Now, I had been going to the congregation for a long time already at the insistence of my father and support of my grandmother who would for the next several years flirt with the idea of becoming a JW herself. My grandpa did not support this but didn’t feel the need to stop it. What I remember though, is that when I was younger my religion was a source of joy and comfort to me and once I had moved in with my father it became a source of extreme psychological pressure as I continually worried over the sins I was “committing every day and hurting Jehovah’s feelings.”
Now, to complicate my story a bit, I just so happened to be a transsexual. Our society in general has a hard time accepting people like me so I can’t fairly lay all blame for my life at the witnesses’ doorstep, however, my life did become a living hell. I would go to bed every night asking Jehovah to help me quit being such a bad person, such a freak, such a sinner. Every day I’d wake up feeling worse and worse about myself and being scared to death that somebody would discover my secret. By the age of 11 I was suicidal. I believed that God hated me.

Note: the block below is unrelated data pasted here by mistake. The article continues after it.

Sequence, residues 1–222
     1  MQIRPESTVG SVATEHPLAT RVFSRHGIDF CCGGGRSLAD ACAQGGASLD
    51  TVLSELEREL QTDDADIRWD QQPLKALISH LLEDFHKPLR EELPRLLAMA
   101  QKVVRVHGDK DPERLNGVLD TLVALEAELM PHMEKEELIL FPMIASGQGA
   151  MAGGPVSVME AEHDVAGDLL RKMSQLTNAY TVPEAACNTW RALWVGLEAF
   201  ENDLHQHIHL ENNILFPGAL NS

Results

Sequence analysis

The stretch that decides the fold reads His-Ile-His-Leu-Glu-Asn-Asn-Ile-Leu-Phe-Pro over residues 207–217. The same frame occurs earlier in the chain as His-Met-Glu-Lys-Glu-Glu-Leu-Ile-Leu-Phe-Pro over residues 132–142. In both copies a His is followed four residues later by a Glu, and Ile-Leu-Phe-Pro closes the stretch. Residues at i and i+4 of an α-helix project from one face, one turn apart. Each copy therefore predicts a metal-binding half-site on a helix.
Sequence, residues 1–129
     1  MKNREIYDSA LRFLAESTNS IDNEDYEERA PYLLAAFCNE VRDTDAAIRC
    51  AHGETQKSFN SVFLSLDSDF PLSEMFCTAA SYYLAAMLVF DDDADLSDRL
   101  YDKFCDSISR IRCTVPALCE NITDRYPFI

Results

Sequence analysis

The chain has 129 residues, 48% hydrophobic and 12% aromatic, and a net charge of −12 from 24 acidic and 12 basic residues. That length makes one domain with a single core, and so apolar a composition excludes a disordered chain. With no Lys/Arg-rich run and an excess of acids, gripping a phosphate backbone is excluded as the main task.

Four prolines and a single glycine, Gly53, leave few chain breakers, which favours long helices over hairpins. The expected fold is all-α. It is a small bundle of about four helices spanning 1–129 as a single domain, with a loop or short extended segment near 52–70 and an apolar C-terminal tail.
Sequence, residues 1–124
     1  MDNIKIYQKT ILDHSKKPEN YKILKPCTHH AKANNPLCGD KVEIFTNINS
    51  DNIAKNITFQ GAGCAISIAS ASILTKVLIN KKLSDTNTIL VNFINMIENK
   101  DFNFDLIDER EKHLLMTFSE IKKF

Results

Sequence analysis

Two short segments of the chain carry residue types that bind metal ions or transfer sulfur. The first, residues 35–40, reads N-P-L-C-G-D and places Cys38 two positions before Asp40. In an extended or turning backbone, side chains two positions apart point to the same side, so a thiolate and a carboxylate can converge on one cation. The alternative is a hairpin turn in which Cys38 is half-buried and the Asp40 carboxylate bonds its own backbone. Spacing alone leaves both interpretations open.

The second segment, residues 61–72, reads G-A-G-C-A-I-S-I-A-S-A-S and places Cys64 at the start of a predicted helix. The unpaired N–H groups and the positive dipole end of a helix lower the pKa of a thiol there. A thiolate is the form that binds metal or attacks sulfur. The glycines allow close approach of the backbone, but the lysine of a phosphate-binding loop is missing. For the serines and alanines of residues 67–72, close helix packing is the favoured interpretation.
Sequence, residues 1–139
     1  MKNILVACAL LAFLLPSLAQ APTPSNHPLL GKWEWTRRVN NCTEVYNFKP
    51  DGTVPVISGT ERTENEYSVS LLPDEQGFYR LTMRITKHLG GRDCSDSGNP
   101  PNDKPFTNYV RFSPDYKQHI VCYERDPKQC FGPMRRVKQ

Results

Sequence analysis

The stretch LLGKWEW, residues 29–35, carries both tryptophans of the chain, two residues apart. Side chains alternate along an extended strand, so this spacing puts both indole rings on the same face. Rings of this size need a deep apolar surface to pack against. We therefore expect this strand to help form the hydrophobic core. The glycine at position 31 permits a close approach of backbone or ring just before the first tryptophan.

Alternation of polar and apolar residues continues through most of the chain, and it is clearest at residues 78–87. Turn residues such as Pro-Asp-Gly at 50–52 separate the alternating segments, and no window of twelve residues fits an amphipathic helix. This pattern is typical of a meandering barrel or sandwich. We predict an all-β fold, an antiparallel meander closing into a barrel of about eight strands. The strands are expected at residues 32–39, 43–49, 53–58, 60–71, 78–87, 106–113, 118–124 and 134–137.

At the same time I was dealing with these internal secret issues I was also trying to deal with a severely dysfunctional family with a father who drank too much and a step mother who abused all of us emotionally every day and twice physically. (I believe I escaped worse treatment only because my grandparents were constantly threatening legal action) So where were the Witnesses in all of this? Constantly counseling me to obey my father and my mother, constantly telling me through talks and private conversations that I was a sinner. “Why did I trouble my parents so? Jehovah wanted me to do what they said.” They also continued to shun my grandmother when she came to meetings simply because she was not baptized and was going against a baptized brother. (no matter that none of them knew the full situation) The elders set up an “impartial” meeting between my grandparents and my father to supposedly reconcile everyone. My grandfather grudgingly agreed to go while my grandmother blindly trusted the elders to be as fair minded and lovingly Christian as they claimed to be... Once I was older I discovered what really happened at that meeting, the elders spent hours berating, belittling, mocking, and condescendingly reading scriptures to my grandparents without ever listening to what they had to say. They had already made up their minds and were now counseling my grandparents to let my father fulfill his “Christian responsibilities.”